All Praise the Index Card

So unassuming and seemingly old-fashioned, the index card. My father used them all of the time and so I have some lying around. (The thing about going through his papers is that I am helping myself to his unused office supplies. This is not unlike how I treated his office when he was alive.)

I am a disorganized, forgetful lecturer. So while teaching classes, I rediscovered the joy of index cards. I kept my lecture notes on them with examples and quotes. And then I told my students that it was part of [Last Name]’s first law of research writing, which is know thyself. I told them I knew I would forget important details if I did not have them at hand, and thus I use index cards to keep me on track.

I began to write my new outline on plain old paper. But fear set in. This might not be the right order. I don’t want to flip back and forth in my notebook. So I remembered the mighty index card. I have ten chapters on ten cards with ten working titles (really sophisticated, literary titles such as “Childhood” and “Education”).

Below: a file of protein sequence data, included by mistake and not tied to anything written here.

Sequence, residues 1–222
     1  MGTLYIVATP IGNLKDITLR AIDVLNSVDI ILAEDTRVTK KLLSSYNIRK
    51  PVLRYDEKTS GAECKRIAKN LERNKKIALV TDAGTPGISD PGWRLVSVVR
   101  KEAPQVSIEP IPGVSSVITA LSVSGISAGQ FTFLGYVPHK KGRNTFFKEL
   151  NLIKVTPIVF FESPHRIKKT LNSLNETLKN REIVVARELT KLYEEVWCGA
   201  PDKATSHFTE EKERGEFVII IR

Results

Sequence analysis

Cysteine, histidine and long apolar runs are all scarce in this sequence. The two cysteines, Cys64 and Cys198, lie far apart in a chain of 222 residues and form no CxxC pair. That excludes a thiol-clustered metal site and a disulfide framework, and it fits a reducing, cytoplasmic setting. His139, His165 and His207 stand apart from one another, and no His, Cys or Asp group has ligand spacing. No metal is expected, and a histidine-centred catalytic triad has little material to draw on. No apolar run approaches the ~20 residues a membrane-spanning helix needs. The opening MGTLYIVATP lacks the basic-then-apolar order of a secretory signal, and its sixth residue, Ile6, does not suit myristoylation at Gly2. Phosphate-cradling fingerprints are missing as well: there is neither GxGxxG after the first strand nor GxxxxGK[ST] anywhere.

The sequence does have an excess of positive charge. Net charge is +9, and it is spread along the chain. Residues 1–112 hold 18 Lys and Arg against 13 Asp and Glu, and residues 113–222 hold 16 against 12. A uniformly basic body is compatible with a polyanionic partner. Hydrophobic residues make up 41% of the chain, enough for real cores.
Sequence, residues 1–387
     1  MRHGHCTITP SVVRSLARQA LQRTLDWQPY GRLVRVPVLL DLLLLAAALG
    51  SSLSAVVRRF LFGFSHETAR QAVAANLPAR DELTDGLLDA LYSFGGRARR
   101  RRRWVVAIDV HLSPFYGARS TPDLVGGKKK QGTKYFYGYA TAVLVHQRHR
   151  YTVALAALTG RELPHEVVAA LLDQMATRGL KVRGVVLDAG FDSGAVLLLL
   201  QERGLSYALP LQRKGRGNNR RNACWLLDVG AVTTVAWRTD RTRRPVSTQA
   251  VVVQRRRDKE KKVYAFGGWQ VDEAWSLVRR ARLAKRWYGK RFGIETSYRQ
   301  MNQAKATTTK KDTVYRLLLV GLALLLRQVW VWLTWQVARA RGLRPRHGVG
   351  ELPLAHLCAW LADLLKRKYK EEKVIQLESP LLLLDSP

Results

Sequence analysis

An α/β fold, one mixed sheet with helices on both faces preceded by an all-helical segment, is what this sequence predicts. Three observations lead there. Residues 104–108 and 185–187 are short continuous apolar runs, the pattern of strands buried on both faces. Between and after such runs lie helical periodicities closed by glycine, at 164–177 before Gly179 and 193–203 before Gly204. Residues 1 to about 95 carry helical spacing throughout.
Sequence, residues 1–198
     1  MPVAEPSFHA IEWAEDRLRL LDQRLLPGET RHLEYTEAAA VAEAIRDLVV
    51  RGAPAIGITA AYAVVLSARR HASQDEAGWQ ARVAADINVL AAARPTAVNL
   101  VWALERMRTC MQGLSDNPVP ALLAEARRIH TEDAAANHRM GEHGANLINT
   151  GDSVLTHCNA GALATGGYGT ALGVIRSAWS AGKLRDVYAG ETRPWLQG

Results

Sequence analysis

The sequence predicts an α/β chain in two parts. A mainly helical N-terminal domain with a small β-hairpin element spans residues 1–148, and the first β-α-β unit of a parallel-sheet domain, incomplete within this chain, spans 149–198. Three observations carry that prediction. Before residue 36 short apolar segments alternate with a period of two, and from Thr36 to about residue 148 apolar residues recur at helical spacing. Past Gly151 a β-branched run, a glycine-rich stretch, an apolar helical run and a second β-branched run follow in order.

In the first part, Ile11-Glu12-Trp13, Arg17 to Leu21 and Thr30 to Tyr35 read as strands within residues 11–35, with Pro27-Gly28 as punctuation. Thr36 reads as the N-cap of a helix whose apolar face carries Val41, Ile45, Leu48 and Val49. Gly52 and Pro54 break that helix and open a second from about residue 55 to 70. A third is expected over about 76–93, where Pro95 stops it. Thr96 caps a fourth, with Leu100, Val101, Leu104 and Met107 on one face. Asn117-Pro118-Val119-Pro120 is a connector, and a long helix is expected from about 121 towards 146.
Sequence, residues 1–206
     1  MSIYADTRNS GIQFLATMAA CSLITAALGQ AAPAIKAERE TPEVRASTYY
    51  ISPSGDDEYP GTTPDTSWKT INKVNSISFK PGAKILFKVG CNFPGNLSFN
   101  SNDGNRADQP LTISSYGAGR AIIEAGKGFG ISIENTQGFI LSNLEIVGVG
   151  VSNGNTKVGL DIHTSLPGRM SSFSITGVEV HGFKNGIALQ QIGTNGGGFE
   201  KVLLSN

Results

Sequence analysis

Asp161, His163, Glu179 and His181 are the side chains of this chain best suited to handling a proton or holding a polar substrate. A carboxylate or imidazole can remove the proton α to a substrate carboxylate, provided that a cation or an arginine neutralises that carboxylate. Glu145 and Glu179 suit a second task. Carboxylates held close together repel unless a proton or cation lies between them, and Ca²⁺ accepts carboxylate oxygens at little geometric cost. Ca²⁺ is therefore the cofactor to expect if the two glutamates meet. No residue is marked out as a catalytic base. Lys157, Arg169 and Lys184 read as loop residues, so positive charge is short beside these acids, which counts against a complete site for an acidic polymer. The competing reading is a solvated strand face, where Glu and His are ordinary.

I have notes on what could go in the chapter. Periodically I pick up the cards and shuffle through them, just to reassure myself that there is an order. I have yet to get that order to the page. But it’s just a matter of time.

The sun is shining. I sent a letter to my senator against confirming David Friedman as an ambassador to Israel. I should have called, but I sent an email instead.

How are things in your neck of the woods?


2 responses to “All Praise the Index Card

  1. I have a stack of index cards at least six inches high, all with brilliant notes for a novel that inflamed me decades ago but that no longer interests me. I can’t throw them out because the accumulation alone seems important. Maybe I’ll read through the some day and keep the keepers then consign the rest to a one-match fire.

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